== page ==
What does this have to do with risk and insurance? Simple, risk comes in all sizes and shapes. Insurance is just one way to transfer risk. However, not all risk can be transferred to insure such a legislative risk. It’s important that you engage with a risk advisor who works in the Non Profit industry instead of purchasing insurance through a broker who simply handles a transaction that deals with only a small part of your risk.
We think this report is a critical read for anyone who works in or leads a Non Profit in New York. Make sure to give the full report a read and as always contact us with any questions you may have on how this could affect your non profit.
Federal regulatory agencies have been increasing investigations and enforcement in the past few years, and recent reforms in health care, banking, and consumer protection will likely generate new liabilities for companies.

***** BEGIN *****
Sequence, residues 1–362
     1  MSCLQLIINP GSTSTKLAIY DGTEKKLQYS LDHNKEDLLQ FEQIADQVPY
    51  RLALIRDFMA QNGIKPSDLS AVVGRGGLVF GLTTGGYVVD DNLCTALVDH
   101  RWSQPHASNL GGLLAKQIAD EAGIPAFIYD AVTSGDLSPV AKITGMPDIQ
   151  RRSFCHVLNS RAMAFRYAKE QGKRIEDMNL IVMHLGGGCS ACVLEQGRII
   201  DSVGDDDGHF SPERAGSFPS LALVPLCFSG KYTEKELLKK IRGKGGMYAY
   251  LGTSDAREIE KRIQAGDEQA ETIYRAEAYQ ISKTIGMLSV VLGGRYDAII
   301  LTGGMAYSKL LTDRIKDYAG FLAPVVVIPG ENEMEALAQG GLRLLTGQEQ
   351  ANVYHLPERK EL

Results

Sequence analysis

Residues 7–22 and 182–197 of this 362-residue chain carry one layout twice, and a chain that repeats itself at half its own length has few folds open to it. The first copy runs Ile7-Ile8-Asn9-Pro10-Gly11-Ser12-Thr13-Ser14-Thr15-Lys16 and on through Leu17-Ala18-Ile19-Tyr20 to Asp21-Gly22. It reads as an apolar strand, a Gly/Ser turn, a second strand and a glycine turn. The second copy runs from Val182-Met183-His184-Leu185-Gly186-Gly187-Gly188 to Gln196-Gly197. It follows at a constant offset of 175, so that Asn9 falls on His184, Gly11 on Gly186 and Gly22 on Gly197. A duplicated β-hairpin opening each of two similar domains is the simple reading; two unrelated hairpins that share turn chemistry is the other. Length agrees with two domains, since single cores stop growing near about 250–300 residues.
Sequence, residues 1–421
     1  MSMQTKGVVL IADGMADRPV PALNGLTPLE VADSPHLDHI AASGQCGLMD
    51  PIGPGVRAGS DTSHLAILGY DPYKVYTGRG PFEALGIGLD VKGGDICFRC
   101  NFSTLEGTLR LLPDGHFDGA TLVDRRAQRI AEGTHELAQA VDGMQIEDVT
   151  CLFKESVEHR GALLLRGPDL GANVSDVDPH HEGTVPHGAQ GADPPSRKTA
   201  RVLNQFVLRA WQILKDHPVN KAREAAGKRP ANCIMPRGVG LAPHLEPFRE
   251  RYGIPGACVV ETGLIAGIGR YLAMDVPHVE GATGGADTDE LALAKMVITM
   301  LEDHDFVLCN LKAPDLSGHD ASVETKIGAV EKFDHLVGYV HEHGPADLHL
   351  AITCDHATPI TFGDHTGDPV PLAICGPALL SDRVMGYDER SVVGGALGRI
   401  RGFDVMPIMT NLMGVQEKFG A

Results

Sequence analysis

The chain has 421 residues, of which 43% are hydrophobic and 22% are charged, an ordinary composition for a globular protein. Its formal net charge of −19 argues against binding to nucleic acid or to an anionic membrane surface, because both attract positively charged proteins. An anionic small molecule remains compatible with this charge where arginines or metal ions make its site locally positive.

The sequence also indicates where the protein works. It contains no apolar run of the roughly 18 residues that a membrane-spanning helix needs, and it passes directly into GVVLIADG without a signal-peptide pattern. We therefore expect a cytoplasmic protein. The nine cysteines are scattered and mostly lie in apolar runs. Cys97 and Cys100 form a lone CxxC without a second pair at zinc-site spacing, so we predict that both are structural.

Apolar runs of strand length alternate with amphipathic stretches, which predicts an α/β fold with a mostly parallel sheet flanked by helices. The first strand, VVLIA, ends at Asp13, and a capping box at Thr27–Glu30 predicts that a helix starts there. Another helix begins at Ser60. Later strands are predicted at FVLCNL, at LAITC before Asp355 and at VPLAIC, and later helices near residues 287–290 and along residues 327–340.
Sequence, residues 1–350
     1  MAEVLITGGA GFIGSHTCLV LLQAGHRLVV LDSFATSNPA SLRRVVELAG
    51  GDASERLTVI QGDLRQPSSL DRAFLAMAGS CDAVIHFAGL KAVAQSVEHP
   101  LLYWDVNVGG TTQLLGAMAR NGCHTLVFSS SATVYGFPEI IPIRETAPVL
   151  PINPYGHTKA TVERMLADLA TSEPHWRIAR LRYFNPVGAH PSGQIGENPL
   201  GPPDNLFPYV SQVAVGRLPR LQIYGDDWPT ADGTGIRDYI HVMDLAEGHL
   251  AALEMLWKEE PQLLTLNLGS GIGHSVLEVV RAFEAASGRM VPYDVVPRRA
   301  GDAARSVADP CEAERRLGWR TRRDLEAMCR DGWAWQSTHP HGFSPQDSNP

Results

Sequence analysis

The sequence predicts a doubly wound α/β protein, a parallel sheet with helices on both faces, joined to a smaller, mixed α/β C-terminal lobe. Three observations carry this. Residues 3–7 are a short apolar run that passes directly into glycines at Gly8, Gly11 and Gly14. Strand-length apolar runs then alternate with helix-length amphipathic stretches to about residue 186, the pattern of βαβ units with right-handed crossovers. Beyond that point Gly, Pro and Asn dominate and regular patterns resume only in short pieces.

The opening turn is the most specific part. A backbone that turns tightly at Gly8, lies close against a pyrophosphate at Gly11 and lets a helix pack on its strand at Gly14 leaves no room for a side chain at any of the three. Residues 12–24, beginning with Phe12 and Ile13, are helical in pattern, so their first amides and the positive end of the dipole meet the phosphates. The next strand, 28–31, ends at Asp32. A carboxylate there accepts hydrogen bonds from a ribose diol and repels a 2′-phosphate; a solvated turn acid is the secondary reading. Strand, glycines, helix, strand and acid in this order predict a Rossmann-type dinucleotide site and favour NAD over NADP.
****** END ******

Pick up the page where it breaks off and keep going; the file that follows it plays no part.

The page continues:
Most mid-market for profit and not for profit businesses carry some form of directors and officers liability insurance to protect the company and its executives in the event of a regulatory investigation or penalty. But those policies often have limits or exclusions to the coverage based on corporate structure, industry, and the nature of the investigation itself. Many companies that we have spoken to didn’t know how their D&O policies were structured.
Because insurance buyers at mid-market companies may not fully understand their D&O coverage, they expect that it’s all-inclusive, and that anything that comes about is going to be picked up. So when they receive a denial or a reservation of rights letter from the carrier, they are obviously surprised and disappointed.